Thomas Pynchon is five years older than the fictional Pierce Moffett and the nonfictional John Crowley, but in his introduction to Slow Learner, a collection of his early short stories, he describes precisely the same experience. When he returned to university (Cornell) after spending a couple of intermission years in the Navy, he found that he and his classmates “were at a transition point, a strange post-Beat passage of cultural time…. Unfortunately there were no more primary choices for us to make. We were onlookers: the parade had gone by and we were already getting everything secondhand, consumers of what the media of the time were supplying us.“ The Beats had faded, but their commodified leftovers could be picked up at the local five-and-dime — or, by proxy, on TV.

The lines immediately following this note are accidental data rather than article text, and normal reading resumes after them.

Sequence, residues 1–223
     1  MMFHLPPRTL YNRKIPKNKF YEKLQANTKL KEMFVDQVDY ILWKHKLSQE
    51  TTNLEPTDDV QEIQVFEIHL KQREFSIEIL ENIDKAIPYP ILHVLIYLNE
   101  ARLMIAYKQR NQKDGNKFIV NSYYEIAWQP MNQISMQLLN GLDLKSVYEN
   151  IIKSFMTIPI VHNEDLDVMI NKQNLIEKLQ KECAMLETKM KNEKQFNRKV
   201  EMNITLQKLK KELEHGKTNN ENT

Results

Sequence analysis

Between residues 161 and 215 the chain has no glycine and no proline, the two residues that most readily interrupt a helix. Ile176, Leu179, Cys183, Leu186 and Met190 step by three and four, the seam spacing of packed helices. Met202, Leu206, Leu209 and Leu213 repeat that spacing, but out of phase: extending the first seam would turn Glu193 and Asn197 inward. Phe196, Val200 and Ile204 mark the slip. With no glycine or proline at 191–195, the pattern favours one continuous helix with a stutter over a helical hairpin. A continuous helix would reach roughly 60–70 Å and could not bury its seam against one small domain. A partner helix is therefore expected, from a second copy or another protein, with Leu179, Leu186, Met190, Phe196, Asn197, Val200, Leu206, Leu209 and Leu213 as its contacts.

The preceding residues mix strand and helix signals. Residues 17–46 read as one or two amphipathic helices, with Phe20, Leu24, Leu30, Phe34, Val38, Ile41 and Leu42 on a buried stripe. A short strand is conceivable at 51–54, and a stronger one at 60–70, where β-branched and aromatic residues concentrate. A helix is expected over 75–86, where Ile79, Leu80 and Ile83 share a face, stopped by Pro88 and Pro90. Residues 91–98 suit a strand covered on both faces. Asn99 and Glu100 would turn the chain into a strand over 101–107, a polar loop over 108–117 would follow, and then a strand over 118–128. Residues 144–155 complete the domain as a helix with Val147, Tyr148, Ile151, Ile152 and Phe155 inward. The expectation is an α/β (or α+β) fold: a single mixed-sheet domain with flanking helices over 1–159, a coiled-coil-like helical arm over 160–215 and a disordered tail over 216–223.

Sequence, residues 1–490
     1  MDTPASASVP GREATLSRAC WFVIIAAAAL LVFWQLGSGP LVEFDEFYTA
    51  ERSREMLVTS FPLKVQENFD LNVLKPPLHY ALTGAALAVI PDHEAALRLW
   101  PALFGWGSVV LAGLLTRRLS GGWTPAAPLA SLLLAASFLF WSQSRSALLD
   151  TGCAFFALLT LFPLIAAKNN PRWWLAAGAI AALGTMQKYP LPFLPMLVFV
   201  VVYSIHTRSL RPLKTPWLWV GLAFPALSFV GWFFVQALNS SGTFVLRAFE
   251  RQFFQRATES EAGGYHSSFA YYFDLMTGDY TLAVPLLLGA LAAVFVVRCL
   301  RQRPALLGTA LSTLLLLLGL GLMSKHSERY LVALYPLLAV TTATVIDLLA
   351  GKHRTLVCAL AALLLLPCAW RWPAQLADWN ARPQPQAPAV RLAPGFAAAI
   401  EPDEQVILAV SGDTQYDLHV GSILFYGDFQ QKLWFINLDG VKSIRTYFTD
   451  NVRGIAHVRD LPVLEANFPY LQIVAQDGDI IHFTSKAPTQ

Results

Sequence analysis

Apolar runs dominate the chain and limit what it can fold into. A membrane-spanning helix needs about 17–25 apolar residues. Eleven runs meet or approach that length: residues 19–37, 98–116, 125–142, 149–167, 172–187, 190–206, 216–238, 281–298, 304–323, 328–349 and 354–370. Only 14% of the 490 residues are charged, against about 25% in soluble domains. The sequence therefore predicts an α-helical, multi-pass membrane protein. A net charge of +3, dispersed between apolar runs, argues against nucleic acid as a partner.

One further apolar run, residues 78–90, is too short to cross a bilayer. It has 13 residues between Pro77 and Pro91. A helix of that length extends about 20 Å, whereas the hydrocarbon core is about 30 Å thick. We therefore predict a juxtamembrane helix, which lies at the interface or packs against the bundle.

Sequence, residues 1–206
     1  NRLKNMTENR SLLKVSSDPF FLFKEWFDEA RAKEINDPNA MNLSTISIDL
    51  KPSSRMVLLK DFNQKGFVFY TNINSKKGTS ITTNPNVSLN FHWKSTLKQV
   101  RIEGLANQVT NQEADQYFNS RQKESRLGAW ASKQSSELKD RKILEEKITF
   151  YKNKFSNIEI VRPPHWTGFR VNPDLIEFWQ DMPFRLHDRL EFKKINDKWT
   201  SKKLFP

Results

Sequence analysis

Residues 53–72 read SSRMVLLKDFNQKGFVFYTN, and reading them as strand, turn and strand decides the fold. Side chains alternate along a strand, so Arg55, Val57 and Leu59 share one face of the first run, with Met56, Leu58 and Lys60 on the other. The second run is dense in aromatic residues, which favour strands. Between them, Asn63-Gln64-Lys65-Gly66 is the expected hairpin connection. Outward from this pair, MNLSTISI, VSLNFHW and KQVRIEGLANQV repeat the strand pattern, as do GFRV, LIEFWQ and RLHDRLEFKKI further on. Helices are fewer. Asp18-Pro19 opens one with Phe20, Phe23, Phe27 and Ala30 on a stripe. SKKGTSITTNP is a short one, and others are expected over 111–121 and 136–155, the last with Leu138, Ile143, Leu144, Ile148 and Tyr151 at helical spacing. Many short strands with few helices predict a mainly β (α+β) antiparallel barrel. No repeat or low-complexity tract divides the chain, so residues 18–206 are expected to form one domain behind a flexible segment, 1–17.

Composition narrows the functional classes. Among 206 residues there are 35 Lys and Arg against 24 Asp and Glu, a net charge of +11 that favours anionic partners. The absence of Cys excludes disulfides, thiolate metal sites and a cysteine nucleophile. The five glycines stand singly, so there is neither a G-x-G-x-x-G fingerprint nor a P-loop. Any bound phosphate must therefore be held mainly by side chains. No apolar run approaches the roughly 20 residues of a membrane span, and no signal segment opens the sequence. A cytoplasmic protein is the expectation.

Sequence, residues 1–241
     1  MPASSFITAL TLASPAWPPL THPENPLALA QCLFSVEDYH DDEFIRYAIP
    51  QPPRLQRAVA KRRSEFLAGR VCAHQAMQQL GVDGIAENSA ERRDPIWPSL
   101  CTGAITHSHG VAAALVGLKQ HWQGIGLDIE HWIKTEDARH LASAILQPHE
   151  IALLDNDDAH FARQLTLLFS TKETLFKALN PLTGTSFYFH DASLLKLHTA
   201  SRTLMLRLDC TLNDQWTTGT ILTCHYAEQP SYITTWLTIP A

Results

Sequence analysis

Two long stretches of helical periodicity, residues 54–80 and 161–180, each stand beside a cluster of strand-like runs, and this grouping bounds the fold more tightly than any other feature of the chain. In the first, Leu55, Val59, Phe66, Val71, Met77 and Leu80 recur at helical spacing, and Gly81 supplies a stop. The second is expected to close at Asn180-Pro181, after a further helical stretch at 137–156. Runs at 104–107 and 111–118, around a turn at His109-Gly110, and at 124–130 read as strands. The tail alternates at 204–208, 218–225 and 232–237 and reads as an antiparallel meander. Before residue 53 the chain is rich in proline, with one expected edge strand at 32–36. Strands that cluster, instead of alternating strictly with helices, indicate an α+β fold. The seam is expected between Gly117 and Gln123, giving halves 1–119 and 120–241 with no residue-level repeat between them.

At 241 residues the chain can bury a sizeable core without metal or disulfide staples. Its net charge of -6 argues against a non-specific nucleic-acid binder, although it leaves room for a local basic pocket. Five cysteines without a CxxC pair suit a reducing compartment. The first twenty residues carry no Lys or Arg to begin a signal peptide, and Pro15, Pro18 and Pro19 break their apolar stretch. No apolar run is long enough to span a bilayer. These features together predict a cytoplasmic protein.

So “when the hippie resurgence came along ten years later,“ Pynchon’s primary feeling was one of “nostalgia”: nostalgia for something he never quite had, and at his age at the time (early 30s) could no longer grasp. He was again an onlooker.

For Tom Wolfe (born 1931) in The Electric Kool-Aid Acid Test, observing the hippies’ world produced a mocking disgust; for Joan Didion (born 1934) in Slouching Towards Bethelehem something more like bemused contempt, leavened by occasional moments of gentle envy. But for Thomas Pynchon and Pierce Moffett and, I think, John Crowley the feeling is more wonderment at a vast world of possibility — possibility for the hippies, but not, alas for those condemned by their age to watch the marvelous parade from the sidelines.